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General

Asthma treatment: 3 steps to better control asthma

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Follow this three-step method to keep asthma symptoms under control and prevent asthma attacks.

Effective asthma treatment requires routinely tracking your symptoms and measuring how well your lungs can function. Taking an active role in managing the treatment of your asthma will help you maintain a level of improvement in the long-term management and Prevention of asthma attacks and avoid long-term problems.

Develop with your doctor a written plan of action to deal with asthma. This written plan will serve as an asthma treatment guide tailored to your specific needs. It will help you follow the following three important steps and keep a good record of your asthma treatment:

1. Follow your symptoms

Write down the symptoms you are experiencing in a special note for asthma daily. Recording your symptoms can help you recognize when you need to make treatment adjustments depending on your asthma action plan. Use an asthma note to record the following:

  • Shortness of breath or making whistling sounds when exhaling (wheezing).
  • Sleep disturbance due to shortness of breath, coughing or wheezing.
  • Chest tightness or pain.
  • Use a quick relief inhaler (Rescue) — record when you need to use a quick relief nebulizer such as albuterol (proventil HFA, Ventolin hfarrrr) and write down how many sprays you have inhaled.
  • Disorders that occur at work, school, exercise, or other daily activities are caused by asthma symptoms.
  • Symptoms of asthma during exercise.
  • Discoloration of sputum accompanying coughing.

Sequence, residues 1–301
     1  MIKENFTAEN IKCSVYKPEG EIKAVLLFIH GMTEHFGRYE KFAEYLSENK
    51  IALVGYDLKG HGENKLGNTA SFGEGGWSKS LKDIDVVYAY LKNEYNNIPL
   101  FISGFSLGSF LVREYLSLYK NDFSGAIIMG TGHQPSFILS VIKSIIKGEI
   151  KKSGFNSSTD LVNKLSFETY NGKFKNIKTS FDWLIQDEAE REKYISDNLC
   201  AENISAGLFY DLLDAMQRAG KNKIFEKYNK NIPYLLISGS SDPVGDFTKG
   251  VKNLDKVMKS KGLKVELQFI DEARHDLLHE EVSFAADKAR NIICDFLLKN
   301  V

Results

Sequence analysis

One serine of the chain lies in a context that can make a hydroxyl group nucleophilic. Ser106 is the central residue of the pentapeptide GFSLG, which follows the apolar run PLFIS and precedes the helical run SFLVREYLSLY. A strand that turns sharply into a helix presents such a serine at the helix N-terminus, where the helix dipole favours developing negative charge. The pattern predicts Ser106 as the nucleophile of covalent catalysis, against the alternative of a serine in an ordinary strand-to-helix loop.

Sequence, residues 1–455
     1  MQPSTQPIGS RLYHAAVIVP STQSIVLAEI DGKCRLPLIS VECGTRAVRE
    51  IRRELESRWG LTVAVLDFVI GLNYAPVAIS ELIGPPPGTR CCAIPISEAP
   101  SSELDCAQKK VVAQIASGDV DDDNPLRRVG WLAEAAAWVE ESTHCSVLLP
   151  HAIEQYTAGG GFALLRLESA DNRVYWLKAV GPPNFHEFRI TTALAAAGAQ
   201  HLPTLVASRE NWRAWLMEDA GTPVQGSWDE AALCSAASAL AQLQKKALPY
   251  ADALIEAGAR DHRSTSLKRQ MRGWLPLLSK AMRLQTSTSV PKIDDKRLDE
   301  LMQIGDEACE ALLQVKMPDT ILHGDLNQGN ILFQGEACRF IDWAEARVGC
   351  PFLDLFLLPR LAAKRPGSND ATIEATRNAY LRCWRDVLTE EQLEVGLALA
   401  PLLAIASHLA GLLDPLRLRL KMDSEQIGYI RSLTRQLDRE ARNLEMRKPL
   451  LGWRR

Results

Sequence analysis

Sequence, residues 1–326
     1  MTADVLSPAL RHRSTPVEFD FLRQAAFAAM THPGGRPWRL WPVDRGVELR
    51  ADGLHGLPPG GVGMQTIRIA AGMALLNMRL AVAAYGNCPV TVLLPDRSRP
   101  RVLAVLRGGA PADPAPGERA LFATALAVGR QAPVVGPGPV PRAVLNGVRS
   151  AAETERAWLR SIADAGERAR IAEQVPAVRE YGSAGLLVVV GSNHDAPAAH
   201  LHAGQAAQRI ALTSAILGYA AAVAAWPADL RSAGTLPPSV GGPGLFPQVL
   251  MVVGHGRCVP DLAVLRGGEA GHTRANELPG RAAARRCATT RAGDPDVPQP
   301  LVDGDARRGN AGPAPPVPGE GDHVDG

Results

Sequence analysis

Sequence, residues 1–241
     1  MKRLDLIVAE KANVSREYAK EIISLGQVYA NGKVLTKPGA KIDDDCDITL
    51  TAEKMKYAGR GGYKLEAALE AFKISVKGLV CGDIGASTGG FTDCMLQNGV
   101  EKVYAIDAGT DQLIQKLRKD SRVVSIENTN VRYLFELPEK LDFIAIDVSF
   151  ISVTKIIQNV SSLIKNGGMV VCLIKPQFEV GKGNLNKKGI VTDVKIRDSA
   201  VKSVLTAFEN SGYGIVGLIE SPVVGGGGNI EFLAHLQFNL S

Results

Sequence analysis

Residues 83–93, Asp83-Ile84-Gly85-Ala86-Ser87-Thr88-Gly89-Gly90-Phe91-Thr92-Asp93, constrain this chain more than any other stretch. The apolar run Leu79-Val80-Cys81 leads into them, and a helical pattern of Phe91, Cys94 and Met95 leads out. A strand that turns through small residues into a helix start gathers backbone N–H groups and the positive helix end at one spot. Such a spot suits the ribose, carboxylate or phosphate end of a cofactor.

• Hay fever symptoms such as sneezing and runny nose.
  • Anything that appears to trigger asthma symptoms.

 

2. Record how well your lungs work

The doctor may record the results of breathing tests (lung function tests) periodically. If your lungs aren’t working as they should, your asthma may not be under control.

Peak flow. This test is done at home by a simple handheld device called a peak flow meter. Measuring the maximum Expiratory Flow capacity indicates how quickly the air is blown out of the lung.

Maximum blowing capacity readings are sometimes measured as a ratio of how well the lungs are working at their best. This is known as the best personal measurement of peak breath flow.
Spirometry. Spirometry tests can be done at the doctor’s office by a device called a spirometer. Some people use a handheld Spirometer to take measurements at home.

Spirometry tests measure how much air the lung can hold and how much air it can exhale in one second after taking a deep breath. This measurement is called forced expiratory volume (FEV 1). Your forced expiratory volume measurement (FEV 1) is compared to your forced expiratory volume measurement for people without asthma. This comparison is usually expressed as a percentage as in peak flow reading.

3. Adjust treatment according to your asthma control plan

When your lungs aren’t working as they should, you may need to adjust your medication according to the plan you set out with your doctor beforehand. Your written asthma control plan will tell you exactly when and how you can make adjustments.

The chart below can help you determine if you are doing well in managing your asthma. A similar regimen should be included in your asthma control plan. Depending on where your asthma control fails in the chart, you may need to make adjustments to your medications.

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